with the S-8600 transmitter. In practice, a long antenna wire was used on most
occasions. The antenna, and a suitable ground, are connected to the left
side of the tuner, via 2 banana-type sockets.
The images below show some of the typical wire antennas that were supplied
with the SP-20. Please note that transmitter and receiver each needed a separate
When used by German Special Forces, the olive green SP-20 radio set
was usually carried in two plastic cases, attached to the webbing kit
of the radio operator. In theory it was possible to operate the radio
from within the carrying cases.
The image on the right shows the canvas webbing kit and the two plastic
In order to minimise the risk of interception and
radio direction finding (RDF),
a burst encoder
was often used with the SP-20.
It allows a pre-recorded coded message to be played
back in morse code
at very high speed, in order to keep the transmission as short as
The first burst encoder that was issued with the SP-20 was this
electro-mechanical RT-3 unit.
A small military-grade metal box that allowed a message of no more than
25 characters to be stored mechanically. Once on-air, the message
was played back by operating a hand crank.
Later, more advanced burst encoders were issued, such as the
The Speicher (memory) was an electronic burst encoder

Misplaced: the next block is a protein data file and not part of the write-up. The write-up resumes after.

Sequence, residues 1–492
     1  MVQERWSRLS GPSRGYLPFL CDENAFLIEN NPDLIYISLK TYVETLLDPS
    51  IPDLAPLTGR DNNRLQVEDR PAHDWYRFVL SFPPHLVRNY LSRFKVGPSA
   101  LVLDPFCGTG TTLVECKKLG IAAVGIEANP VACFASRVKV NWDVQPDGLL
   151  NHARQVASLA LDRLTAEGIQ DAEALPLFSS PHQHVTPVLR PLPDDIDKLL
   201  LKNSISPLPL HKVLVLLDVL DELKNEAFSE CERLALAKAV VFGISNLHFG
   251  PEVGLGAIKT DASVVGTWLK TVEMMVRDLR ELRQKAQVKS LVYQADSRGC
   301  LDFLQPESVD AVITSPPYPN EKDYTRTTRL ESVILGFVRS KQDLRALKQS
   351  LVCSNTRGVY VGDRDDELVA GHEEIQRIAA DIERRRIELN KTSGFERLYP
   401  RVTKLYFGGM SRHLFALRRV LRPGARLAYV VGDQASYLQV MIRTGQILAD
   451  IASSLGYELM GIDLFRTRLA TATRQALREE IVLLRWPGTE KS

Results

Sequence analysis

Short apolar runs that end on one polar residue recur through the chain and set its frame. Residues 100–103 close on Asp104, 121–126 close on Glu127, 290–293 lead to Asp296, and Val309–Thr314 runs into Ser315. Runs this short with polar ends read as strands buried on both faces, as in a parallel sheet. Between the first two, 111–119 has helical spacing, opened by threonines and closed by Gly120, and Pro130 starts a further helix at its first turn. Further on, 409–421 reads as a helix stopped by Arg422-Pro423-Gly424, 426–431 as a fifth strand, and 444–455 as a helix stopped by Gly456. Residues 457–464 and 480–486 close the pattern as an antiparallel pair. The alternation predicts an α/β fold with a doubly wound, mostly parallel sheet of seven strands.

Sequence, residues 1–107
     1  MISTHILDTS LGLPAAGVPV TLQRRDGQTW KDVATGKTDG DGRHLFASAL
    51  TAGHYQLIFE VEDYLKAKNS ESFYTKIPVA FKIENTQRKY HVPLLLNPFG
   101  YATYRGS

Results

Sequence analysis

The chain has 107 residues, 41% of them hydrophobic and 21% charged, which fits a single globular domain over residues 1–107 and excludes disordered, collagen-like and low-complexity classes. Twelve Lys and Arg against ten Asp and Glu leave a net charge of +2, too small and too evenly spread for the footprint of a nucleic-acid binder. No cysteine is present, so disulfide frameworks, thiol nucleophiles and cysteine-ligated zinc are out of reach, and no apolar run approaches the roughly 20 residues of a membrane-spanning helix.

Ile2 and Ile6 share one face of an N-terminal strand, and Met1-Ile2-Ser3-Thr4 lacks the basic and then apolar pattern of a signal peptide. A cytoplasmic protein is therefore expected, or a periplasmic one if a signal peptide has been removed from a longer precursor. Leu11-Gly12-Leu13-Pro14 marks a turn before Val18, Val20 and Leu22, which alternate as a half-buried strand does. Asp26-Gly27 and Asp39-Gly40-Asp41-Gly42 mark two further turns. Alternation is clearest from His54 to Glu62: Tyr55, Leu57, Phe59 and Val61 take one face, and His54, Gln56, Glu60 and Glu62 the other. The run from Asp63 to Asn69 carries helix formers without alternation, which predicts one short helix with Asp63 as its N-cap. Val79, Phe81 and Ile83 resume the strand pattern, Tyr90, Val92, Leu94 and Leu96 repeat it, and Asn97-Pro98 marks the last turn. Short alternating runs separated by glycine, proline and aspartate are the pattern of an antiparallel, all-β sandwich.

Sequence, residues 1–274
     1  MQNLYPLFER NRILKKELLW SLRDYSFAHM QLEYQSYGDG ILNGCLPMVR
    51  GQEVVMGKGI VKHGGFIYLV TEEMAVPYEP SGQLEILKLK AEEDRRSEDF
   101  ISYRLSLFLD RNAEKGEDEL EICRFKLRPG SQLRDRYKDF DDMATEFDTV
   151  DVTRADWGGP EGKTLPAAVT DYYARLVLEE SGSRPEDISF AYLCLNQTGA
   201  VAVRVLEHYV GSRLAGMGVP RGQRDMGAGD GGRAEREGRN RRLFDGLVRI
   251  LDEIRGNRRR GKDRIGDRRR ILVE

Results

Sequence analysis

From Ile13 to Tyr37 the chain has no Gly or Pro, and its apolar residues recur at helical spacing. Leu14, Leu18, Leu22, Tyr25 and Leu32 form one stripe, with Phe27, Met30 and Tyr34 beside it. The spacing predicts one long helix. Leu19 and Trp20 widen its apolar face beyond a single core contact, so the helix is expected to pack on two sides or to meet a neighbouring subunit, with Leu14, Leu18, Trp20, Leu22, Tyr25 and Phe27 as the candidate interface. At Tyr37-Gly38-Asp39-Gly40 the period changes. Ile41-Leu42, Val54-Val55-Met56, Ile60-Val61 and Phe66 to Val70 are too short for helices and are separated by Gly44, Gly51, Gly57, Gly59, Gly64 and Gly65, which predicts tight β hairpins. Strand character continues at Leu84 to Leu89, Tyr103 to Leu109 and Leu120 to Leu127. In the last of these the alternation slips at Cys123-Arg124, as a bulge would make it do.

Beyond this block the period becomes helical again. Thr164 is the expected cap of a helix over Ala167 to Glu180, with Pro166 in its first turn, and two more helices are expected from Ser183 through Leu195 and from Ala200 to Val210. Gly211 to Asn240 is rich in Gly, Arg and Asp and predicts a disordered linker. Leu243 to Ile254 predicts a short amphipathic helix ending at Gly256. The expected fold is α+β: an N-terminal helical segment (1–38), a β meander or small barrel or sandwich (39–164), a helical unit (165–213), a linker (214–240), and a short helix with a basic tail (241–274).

for sending numbers at high speed in
morse code. It was powered
directly from the mains and was housed in a similar case as the
units of the SP-20 spy radio set.
The Speicher was probably issued in the 1970s to replace the
rather limited RT-3.
Eventually it was replaced itself by the
more advanced MMP.
The MMP was a fully electronic high-speed (1200 baud) burst
encoder that was used with both the
SP-15 and the SP-20 spy sets.
The MMP replaced older devices, such as the mechanical
the American AN/GRA-71
and the early electronic Speicher.
It could hold more than 1000 letters and numbers in its battery-bakced
CMOS memory and could send them at various speeds between 15 and 1200 baud.
Initially, no technical documentation of the SP-20 was available,
but over the years, we've received contributions from a number of our
visitors. The documentation below, is what we have at the moment.
The circuit diagrams of the transmitter are incomplete. If you have
more complete documentation, or if you have other information that
might be useful, please contact us.
Crypto Museum is still looking for the grey stay-behind variant of
the SP-20 and would also like to add the KE-30 receiver to its
collection. If you have any of these available, or if you have any other
SP-20 related parts that are not yet shown here,
please contact us.